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2024-05-17| Special

Discrimination Leads to Rapid Aging, Science Shows the Detrimental Effects of this Act

by Bernice Lottering
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Both everyday and major discrimination consistently correlated with accelerated aging, while workplace discrimination contributed to faster aging to a lesser extent.

In a revolutionary turn of events, research has directed focus at the physiological impact of abuse in the form of discrimination. Here, both small and large experiences of interpersonal discrimination were linked to molecular-level signs of biological aging. This scientifically supported message demonstrates how experiencing racial or sexual prejudice can actively accelerate biological pathologies.

Discrimination’s Deadly Toll: Fueling Mortality with Accelerated Aging

A recent study led by researchers at the NYU School of Global Public Health suggests that discrimination could hasten the biological aging process. Fundamentally this research connects interpersonal discrimination to changes that occur at the molecular level, uncovering a possible underlying reason for differences in aging-related health issues and mortality rates.

Specifically, the results showed links between both everyday and major discrimination and accelerated biological aging across three epigenetic clocks. Additionally, it was found that differences in smoking behavior and body mass index explained about half of this relationship. In essence, discrimination may accelerate biological aging, suggesting that interventions to reduce discrimination could contribute to promoting healthy longevity.

Adolfo Cuevas, assistant professor in the Department of Social and Behavioral Sciences at NYU’s School of Global Public Health and senior author of the study published in the journal Brain, Behavior, and Immunity-Health stated “Experiencing discrimination appears to hasten the process of aging, which may be contributing to disease and early mortality and fueling health disparities,”

Major Health Concerns Related to Discrimination, Although the Pathophysiology Remains Unclear 

Research indicates individuals who experience discrimination based on factors like race, gender, weight, or disability are more likely to suffer from health problems such as heart disease, high blood pressure, and depression. While the exact biological reasons for these disparities are not fully understood, it’s thought that ongoing stress from discrimination plays a significant role. Furthermore, recent studies suggest that continued exposure to discrimination may speed up the body’s aging processes.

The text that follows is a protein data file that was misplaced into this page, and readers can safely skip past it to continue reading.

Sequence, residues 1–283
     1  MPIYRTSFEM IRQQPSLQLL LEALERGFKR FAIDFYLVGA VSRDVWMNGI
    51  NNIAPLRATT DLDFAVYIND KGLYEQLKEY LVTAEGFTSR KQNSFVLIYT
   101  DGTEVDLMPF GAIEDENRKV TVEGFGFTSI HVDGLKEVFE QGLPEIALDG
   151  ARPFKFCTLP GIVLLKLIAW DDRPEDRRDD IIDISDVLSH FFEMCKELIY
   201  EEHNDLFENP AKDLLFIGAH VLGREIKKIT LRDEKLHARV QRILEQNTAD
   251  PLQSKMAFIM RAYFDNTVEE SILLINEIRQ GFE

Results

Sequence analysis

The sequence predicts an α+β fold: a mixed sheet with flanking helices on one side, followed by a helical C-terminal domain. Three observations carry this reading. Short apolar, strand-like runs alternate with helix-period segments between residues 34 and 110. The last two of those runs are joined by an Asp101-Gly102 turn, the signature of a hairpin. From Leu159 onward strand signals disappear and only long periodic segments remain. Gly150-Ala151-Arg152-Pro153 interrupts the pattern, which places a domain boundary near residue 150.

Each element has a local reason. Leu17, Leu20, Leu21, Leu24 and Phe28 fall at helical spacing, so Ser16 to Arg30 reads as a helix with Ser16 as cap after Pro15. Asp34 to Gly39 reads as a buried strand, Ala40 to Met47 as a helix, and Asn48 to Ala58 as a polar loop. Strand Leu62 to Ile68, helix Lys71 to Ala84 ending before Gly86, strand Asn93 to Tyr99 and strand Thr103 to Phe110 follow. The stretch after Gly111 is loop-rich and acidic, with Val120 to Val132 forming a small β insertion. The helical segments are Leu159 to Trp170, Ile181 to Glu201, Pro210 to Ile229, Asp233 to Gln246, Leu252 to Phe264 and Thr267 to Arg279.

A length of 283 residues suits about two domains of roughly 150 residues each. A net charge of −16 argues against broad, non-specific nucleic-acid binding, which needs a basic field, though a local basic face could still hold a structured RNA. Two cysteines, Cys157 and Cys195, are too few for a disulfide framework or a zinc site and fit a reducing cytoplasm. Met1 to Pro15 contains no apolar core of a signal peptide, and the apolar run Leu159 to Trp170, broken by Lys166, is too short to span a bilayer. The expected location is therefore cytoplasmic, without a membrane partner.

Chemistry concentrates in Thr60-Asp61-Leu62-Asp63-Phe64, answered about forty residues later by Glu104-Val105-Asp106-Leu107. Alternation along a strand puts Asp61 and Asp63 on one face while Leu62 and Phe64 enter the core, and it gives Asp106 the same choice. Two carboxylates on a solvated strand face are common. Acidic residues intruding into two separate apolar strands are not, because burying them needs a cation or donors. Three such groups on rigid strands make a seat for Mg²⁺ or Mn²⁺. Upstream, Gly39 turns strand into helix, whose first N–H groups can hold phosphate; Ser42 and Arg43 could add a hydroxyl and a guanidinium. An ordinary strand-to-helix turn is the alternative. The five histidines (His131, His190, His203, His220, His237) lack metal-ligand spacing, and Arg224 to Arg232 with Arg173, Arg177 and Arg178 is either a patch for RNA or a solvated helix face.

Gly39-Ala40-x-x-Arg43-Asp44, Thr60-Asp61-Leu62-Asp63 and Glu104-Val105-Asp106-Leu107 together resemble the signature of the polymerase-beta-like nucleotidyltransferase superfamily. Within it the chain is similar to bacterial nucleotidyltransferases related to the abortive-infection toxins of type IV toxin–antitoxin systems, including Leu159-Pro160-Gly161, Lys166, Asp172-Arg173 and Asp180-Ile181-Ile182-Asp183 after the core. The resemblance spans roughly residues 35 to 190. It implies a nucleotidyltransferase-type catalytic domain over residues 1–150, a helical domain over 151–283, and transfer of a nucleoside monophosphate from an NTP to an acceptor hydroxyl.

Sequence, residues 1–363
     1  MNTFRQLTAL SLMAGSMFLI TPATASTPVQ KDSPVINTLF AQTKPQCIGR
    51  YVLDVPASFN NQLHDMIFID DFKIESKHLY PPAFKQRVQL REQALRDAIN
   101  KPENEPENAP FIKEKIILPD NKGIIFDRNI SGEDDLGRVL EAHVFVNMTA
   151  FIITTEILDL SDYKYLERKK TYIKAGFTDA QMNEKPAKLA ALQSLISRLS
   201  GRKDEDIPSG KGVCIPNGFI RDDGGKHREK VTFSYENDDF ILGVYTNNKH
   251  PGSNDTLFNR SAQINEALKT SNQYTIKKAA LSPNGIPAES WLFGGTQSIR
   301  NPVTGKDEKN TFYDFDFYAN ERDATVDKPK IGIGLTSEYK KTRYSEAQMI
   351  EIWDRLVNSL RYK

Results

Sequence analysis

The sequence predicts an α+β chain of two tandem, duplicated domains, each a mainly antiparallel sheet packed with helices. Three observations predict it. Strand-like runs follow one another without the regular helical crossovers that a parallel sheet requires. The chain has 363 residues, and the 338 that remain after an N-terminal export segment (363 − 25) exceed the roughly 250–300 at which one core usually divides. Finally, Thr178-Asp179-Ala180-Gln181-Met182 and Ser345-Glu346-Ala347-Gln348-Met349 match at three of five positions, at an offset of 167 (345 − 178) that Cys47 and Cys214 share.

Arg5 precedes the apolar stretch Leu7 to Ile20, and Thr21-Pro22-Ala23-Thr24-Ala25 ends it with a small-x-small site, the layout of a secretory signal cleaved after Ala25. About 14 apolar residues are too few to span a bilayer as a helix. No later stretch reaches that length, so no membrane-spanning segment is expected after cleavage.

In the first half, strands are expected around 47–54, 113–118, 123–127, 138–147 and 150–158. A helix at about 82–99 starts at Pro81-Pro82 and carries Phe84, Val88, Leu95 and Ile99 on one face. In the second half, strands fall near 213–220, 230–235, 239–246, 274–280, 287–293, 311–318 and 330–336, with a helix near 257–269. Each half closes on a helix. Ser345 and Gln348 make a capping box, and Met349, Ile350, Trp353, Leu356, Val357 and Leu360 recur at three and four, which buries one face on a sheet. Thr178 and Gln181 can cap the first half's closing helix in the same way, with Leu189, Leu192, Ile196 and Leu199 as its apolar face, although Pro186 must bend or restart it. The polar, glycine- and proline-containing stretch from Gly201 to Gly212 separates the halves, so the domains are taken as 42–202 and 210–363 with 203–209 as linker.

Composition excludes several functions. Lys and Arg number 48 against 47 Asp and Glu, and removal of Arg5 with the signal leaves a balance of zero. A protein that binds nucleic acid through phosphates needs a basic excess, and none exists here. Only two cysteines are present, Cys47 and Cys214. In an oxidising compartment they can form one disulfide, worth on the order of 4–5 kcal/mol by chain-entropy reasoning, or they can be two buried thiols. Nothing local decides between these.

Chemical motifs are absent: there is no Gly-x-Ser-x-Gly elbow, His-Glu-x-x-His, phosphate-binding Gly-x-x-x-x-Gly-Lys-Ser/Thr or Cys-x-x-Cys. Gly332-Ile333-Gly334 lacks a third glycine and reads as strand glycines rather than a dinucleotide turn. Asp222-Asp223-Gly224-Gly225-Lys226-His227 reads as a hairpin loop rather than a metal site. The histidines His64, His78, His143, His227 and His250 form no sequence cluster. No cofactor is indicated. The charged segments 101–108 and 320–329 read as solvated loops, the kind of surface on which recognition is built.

Here, Cuevas and his team analyzed 3 specific measures of DNA methylation, key markers indicating the biological effects of stress and aging, to explore the connection between discrimination and aging. They conducted their study using data from the Midlife in the United States (MIDUS) project, a longitudinal study on health and well-being supported by the National Institute on Aging. Nearly 2,000 adults, the study participants, provided blood samples and answered surveys about their experiences with different types of discrimination: everyday, major, and workplace. Everyday discrimination involves small, subtle instances of disrespect in daily life, while major discrimination refers to more severe incidents, such as physical threats from law enforcement. Workplace discrimination includes unfair treatment and limited career opportunities or disciplinary actions based on one’s identity.

Everyday and Major Discrimination Contribute Most to Faster Aging

The findings indeed revealed a connection between discrimination and accelerated biological senescence, which would mean that individuals reporting higher levels of discrimination tend to age biologically faster than those experiencing less discrimination. More precisely, both everyday and major discrimination consistently correlated with accelerated aging, while workplace discrimination also contributed to faster aging, albeit to a lesser extent.

Then, further investigation showed that two health factors, namely smoking and body mass index (BMI), accounted for approximately half of the association between discrimination and aging. This suggests that additional stress responses to discrimination, such as heightened cortisol levels and disrupted sleep patterns, contribute to the acceleration of aging processes.

Cuevas, who is also a core faculty member at the Center for Anti-racism, Social Justice, & Public Health at NYU School of Global Public Health, said, “While health behaviors partly explain these disparities, it’s likely that a range of processes are at play connecting psychosocial stressors to biological aging.”

Furthermore, the impact of discrimination on aging varies depending on race. Black participants, who experienced more discrimination, tended to age faster biologically. On the other hand, White participants, who faced discrimination less often, seemed more affected by it when it did occur, possibly because they were less accustomed to it and had fewer coping mechanisms. The study did not have data on other racial and ethnic groups. “These findings underscore the importance of addressing all forms of discrimination to support healthy aging and promote health equity,” added Cuevas. discrimination, discrimination definition, discriminant, discriminate, price discrimination, discrimination synonym, discriminant calculator, define discrimination, discriminant formula, stimulus discrimination, sex discrimination, institutional discrimination, discriminative stimulus, what is discrimination, gender discrimination, Anti-aging, Anti-aging Therapeutics, Black, Discrimination, DNA Methylation, Epigenetics, Equality, Equity, Molecular, NYU, Race, Racism, White

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